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Does Hewlett Packard Have Cisco Worried?

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HP is a great company, with or without 3Com.

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Because I've been feeling a little under the weather, yesterday morning I bought a 64-ounce bottle of cranberry juice. Much to the dismay (and possibly, awe) of my co-workers, I drank the entire thing in about three hours' time. My goal was to shake my head cold. The good news is, it worked, but if I never drink another glass of cranberry juice again, it will be fine by me.

Asian stocks took a breather overnight. The Hang Seng and the Nikkei were off 1.01% and 0.68%, respectively. European stocks, however, were up a smidge early this morning. And here in the US, we're currently trading higher.

Here's what I'm seeing today:

Hewlett Packard (HPQ):
I guess Hewlett loves 3Com (COMS).

My take on the news:

1. If I were Cisco (CSCO) I wouldn't be forming beads of sweat just yet, but I'd probably grab a paper towel for the future.

2. With regard to Hewlett Packard, I like this company with or without 3Com. Besides its stupendous name and excellent earnings prospects down the line, it's also trading near its 52-week high, and in the ballpark of 11.7 times the 2010 estimate.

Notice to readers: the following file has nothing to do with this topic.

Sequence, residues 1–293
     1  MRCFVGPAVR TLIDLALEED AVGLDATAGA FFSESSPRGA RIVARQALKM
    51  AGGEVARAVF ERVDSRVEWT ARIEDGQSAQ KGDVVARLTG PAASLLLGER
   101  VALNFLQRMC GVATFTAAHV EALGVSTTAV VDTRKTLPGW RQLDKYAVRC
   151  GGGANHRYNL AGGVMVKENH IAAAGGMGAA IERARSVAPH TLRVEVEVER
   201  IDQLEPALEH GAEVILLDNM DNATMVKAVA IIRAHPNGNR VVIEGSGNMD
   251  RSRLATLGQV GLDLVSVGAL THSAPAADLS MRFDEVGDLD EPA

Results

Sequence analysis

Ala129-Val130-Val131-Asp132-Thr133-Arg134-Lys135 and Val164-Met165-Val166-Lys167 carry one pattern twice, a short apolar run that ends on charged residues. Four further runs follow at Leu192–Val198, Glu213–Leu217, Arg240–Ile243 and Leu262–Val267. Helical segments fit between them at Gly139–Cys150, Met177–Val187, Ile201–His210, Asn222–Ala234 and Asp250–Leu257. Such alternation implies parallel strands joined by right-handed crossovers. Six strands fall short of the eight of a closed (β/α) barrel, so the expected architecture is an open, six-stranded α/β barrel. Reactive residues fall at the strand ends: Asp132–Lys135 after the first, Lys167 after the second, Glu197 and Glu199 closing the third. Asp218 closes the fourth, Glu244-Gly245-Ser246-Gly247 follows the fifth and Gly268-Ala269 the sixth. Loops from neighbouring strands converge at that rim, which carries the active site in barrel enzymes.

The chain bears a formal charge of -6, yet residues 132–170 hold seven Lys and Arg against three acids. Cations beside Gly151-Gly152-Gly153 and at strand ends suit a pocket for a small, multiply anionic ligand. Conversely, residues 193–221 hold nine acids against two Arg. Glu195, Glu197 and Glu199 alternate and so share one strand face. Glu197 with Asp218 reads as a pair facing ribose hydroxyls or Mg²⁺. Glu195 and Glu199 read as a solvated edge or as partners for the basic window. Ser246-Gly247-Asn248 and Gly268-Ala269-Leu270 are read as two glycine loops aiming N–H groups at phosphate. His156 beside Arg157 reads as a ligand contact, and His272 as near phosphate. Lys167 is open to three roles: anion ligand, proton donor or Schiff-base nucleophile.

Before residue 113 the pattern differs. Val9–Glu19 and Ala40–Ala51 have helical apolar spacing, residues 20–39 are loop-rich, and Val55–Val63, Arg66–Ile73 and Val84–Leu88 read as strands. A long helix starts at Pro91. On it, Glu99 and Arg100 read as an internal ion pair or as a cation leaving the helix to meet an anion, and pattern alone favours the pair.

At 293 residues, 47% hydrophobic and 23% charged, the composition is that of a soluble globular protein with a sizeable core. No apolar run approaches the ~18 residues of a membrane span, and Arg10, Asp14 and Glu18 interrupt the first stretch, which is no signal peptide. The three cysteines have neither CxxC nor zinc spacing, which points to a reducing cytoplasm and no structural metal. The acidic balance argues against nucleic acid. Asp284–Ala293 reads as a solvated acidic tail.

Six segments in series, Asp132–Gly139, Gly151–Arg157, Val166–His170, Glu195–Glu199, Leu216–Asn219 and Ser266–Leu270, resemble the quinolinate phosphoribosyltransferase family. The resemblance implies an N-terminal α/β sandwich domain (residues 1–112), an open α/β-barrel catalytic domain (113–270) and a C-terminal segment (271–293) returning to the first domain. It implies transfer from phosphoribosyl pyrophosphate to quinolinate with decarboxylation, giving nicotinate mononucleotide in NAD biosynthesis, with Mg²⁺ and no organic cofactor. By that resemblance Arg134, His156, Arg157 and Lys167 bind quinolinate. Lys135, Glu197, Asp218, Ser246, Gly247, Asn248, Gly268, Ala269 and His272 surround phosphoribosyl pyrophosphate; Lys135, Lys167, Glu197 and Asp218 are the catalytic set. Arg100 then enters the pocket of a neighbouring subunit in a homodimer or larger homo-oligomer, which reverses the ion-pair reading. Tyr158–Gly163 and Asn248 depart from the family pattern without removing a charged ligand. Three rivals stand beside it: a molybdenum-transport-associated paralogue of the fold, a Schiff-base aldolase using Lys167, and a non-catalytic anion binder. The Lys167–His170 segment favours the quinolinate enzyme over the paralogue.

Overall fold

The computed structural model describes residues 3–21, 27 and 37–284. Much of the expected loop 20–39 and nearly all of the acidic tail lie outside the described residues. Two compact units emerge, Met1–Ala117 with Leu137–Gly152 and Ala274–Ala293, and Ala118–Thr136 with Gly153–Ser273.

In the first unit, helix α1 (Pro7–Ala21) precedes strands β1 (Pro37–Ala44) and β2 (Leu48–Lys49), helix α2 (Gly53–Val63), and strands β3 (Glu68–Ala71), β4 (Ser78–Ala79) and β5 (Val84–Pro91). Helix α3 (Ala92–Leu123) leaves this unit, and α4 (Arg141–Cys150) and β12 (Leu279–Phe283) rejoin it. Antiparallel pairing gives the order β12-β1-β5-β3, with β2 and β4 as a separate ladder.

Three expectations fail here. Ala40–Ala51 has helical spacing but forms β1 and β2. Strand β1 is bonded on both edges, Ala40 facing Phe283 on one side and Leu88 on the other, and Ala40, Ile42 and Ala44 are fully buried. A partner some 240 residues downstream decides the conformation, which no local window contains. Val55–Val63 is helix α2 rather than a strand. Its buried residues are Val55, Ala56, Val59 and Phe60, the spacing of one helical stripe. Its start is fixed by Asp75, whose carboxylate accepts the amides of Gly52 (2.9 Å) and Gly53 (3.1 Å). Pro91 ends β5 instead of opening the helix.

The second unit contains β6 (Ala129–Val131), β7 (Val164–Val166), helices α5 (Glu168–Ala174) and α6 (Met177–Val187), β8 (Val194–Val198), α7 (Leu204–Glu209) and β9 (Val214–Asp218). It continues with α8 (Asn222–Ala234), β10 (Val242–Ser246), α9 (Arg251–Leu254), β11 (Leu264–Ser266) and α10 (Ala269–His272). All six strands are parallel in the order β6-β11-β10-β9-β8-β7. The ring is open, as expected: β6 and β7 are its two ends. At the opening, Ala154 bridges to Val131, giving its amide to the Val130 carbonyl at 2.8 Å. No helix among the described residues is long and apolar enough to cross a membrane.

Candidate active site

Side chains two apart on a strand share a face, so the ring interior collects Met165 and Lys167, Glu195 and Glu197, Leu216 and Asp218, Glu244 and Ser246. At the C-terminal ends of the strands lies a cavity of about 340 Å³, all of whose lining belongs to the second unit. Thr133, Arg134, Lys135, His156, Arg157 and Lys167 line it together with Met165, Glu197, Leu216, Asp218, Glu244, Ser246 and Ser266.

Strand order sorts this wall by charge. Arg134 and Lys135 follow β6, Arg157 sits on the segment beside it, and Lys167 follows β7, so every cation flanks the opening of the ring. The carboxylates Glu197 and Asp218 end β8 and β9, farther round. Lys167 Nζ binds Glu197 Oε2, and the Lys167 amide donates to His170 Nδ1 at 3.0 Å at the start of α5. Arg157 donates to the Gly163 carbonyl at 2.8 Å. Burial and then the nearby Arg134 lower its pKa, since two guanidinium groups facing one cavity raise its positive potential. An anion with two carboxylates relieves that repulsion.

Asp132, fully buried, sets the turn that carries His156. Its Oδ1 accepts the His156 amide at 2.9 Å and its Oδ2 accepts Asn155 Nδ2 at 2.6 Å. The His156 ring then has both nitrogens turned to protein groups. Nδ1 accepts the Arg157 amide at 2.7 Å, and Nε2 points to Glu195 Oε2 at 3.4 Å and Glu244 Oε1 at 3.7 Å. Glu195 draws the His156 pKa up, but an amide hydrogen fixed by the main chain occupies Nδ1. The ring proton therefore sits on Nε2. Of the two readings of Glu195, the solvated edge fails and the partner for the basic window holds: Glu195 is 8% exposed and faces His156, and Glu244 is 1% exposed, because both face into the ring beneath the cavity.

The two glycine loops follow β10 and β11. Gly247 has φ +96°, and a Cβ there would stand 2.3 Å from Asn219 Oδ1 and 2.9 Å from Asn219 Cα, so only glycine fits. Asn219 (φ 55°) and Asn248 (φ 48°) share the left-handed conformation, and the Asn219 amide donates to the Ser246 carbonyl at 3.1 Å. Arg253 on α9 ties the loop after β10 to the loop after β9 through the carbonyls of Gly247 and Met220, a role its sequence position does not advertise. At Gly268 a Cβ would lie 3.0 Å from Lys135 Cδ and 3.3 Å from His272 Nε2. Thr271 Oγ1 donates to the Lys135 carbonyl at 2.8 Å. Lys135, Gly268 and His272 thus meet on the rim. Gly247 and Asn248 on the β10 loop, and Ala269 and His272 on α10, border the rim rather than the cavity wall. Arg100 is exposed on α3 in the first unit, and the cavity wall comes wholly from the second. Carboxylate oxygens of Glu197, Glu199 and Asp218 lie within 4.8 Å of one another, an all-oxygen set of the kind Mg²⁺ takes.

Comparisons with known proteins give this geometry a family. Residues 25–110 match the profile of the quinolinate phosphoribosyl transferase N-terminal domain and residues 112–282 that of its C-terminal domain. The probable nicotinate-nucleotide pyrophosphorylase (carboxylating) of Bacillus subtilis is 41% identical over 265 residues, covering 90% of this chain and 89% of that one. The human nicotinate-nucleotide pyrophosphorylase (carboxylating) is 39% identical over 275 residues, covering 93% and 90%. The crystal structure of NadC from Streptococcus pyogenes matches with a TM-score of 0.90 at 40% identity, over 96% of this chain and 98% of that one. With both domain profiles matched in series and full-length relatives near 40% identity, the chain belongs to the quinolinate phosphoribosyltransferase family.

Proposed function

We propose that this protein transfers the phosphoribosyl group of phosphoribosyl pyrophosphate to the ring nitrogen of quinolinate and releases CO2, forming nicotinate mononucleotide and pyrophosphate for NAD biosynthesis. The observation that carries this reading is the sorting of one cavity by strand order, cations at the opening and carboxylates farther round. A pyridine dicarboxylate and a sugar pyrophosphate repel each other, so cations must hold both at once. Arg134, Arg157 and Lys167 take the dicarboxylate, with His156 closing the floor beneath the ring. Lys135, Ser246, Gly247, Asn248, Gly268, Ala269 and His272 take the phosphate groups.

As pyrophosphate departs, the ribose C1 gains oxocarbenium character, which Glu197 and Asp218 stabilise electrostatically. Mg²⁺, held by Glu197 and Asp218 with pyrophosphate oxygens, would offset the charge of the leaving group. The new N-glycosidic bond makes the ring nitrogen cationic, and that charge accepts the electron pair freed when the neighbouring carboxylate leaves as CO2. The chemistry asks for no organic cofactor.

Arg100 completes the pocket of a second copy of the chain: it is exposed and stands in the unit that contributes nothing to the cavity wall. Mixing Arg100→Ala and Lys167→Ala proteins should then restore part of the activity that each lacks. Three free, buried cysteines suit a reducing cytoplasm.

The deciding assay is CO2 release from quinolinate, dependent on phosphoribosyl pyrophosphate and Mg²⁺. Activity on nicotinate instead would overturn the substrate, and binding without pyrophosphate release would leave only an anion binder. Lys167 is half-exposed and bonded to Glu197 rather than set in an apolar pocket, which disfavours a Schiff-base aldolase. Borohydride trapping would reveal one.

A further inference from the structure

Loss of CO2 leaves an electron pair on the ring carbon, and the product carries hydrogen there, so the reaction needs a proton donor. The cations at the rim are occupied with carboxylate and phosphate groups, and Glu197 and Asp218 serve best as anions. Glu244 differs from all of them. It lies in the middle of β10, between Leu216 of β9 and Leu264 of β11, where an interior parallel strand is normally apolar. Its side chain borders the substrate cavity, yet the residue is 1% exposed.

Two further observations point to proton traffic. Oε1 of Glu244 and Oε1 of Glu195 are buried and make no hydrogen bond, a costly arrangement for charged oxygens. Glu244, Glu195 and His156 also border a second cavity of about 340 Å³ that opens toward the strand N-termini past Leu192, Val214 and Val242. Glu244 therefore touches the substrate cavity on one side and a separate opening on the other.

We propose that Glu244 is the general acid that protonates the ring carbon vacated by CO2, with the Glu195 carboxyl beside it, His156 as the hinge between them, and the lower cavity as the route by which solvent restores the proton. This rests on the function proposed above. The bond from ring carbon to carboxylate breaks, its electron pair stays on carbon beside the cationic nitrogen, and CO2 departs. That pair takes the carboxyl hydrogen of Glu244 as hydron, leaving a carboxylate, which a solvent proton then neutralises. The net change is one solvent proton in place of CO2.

3. Keep in mind that while I think that sidling up to 3Com may end up being a terrific idea and one that generates lots of flash, any time a company plunks down a few billion dollars to make a deal, there's risk.

Las Vegas Sands (LVS):
Is Las Vegas Sands going to roll the dice?

There's chatter out there that the company could step on the gas and start building in Macau, which during the economic boom, was considered a big-time destination for gamblers of many stripes.

My take:

1. If the chatter is accurate, it could be a very good sign. I don't think it's something the company would even consider unless it thought the overall picture would brighten, and unless it thought it would have the flash to do it.

2. To the company's credit, the stock has been hot, and fighting a trend is something I'm not keen on doing. At the same time, I just can't help but think that investors have been a little too excited about gaming and a little too bullish on Las Vegas Sands' stock in general. Even if the company were to turn in double what analysts are figuring on for 2010 (the current estimate is $0.35), I still wouldn't be jumping for joy.

For my last take on the company, see Las Vegas Sands Is Not an Oasis Yet.
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No positions in stocks mentioned.

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